For your customer, it’s not your product that is exciting, it’s the fixing of THEIR ISSUE that makes the product exciting.
If everyone has great products and services then competition shifts from who has the best product to who can best improve the customer’s operations, and that’s what you need to be thinking about.
To uncover their issue you need great questions.
Questions are the key to modern selling. However, there are still some salespeople who push against it, who think that a successful presentation is a matter of putting their case logically. Their presentations are flawless, their logic superb, their evidence overwhelming. If they were barristers they would be at the top of their profession. But what they don’t realise is that they’re not selling – they’re telling.
Forget the tell and develop the ask
If you tell people why they should buy, if you give them all the logic, all the reasons why they should go ahead, and you do it with enthusiasm, you will make some sales, but those people would probably buy anyway. Whether you like the description or not, you are in the role of order taker.
Don’t fall into the trap of spending too much time telling customers about your products/services and not enough time asking them about their requirements and uncovering their issues. While revelling in the plusses of your offering may be fun, collecting information is likely to be more worthwhile.
Benefit rotated questions
Questions not reasons are your main persuasive skills. So instead of telling the prospect what you can do for them, take each ‘benefit’ and rotate it into a question.
For example – “This projector works well in high ambient light”. Rotated into a question this becomes – “Do you have any difficulties with projected images being washed out in high ambient light?”
Here is a useful sales training exercise you can use to get started: Think of the product or service you want to sell more effectively and then, step one: ask yourself ‘What does my product or service solve?’ List everything down – really think it through. Then, step two: rotate each statement into a question – and ask these questions as the sale unfolds.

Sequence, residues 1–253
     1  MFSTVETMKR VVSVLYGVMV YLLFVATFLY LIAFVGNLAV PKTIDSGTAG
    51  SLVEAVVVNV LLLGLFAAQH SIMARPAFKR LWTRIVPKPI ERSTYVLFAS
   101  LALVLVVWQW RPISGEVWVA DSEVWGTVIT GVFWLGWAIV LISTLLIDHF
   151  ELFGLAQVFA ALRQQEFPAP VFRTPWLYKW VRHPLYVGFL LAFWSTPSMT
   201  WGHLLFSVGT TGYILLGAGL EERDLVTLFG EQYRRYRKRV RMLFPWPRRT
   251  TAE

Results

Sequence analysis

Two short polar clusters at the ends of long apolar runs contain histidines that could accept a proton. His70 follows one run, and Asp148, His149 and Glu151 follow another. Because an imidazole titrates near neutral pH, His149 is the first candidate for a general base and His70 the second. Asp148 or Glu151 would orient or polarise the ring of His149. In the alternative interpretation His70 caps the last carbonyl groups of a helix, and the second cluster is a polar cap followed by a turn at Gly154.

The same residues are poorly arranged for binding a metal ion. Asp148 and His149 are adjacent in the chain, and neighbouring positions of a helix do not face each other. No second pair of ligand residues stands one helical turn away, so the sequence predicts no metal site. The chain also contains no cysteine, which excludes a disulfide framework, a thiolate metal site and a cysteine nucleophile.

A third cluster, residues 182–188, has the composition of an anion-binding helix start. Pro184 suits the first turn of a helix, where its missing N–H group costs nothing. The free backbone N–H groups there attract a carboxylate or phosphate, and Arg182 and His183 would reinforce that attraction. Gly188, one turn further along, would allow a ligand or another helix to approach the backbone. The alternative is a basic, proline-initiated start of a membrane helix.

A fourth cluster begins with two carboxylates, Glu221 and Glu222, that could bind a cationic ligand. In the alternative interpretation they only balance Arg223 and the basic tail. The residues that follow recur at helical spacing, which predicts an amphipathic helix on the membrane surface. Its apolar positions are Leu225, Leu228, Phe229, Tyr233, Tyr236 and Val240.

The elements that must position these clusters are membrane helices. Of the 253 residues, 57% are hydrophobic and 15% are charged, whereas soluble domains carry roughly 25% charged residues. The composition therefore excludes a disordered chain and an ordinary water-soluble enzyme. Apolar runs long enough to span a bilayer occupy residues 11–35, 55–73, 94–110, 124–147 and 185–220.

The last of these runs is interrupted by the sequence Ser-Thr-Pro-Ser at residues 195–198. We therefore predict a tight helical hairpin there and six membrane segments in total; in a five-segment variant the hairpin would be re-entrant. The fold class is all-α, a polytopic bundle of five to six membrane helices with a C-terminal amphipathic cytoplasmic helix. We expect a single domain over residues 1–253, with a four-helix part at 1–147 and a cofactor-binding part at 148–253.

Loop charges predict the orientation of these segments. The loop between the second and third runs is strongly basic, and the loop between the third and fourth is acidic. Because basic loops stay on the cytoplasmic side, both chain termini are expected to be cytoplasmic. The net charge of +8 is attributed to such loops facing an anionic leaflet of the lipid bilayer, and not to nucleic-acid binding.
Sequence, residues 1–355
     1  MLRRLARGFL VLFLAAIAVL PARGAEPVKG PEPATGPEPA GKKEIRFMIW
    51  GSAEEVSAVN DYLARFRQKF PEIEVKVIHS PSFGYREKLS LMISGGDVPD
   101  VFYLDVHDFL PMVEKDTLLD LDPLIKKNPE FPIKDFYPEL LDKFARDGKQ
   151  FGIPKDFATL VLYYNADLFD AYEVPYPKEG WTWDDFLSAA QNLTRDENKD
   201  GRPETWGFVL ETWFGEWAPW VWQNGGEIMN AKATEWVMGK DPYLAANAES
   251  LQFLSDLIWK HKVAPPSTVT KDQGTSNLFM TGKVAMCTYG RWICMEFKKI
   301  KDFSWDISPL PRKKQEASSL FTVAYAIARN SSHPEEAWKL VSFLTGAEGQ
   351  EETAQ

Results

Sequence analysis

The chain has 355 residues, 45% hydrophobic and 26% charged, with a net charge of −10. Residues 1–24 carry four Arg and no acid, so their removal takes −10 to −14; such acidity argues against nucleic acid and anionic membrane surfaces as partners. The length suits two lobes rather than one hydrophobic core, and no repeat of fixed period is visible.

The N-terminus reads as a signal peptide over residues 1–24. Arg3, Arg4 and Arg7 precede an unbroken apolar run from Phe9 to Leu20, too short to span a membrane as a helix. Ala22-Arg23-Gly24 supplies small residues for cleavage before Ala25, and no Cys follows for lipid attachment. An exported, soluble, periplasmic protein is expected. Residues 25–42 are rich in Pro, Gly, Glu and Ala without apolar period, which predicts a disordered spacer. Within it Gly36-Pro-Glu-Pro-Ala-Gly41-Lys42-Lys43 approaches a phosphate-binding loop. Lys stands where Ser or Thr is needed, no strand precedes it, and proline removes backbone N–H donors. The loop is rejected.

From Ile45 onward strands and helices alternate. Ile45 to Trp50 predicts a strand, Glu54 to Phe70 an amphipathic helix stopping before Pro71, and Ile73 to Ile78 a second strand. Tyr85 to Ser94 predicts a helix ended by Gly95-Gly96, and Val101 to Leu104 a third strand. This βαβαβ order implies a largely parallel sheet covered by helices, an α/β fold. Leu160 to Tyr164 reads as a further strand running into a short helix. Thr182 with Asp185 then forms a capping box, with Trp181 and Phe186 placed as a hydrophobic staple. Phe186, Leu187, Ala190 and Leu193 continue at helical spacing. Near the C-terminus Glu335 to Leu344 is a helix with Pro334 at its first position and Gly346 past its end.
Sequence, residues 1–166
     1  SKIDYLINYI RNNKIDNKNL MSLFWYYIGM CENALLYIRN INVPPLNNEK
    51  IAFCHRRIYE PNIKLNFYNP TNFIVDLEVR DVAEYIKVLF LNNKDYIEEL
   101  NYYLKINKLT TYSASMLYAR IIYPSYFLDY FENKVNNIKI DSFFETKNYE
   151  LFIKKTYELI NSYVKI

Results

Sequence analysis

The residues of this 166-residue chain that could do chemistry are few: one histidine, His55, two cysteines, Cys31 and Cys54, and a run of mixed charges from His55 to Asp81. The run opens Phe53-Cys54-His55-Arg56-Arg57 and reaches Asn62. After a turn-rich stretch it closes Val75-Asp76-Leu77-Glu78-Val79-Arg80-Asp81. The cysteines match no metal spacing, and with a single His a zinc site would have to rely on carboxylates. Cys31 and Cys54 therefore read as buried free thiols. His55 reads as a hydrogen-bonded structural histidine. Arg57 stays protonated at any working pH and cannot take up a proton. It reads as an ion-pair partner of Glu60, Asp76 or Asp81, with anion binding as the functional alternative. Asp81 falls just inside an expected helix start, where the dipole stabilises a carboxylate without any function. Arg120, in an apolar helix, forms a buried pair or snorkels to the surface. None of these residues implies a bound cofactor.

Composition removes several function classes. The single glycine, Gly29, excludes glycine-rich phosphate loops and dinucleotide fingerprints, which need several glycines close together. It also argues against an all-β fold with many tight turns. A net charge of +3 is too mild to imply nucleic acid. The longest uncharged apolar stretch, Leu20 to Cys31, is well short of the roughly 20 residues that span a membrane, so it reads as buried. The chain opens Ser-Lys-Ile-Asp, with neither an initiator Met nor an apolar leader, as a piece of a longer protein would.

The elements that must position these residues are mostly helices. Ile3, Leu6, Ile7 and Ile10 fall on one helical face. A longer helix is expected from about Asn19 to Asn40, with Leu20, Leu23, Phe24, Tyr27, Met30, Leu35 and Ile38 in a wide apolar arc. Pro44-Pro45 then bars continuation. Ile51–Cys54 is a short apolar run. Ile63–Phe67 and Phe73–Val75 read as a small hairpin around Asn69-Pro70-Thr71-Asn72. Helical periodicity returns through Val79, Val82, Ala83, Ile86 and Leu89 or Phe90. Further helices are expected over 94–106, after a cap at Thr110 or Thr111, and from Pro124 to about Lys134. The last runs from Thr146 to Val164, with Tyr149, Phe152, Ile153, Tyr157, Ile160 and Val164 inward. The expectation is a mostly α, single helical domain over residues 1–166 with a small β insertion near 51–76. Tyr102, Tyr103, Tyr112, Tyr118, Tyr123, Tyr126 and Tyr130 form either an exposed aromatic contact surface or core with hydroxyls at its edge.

Your Critical Issue Question
When preparing for a sales call, one ‘must’ is to devise what is called a critical issue question. Think about your target customer and ask yourself – what is the key issue they are likely to have?
Then rotate your answer into a question – your critical issue question – which should begin with “Are you grappling with any issues around?” OR “Are you concerned about any issues around?” For example “Are you grappling with any issues around how your sales team can achieve target in today’s environment?”
The most persuasive way of transferring your ideas is through questions. Resist the temptation to tell people what you can do for them. Instead, ask them what difference it would make.
Back in the tumultuous days of March 2020, our resident presentation skills team were wondering how to adapt the LDL Presentation Skills programme to the new remote working environment. At the time, we didn’t know if the transition to remote learning would be a temporary, or a permanent change. A year later, it seems like
Top salespeople know it’s the mind game that makes or breaks them, especially in the new normal. Timothy Galway in his inner game books says, the theory of the inner game is that our performance is dependent on our state of mind, therefore the real game is to get into the right frame of mind and hold ourselves there.
The great philosopher Mike Tyson famously said, “Everybody has a plan until they get punched in the mouth”. Well, Covid has been a punch in the mouth for many of us. It has made leading a team harder than ever before. How do you lead when you can’t see your people, when you have reduced incentives, constant change and many other challenges?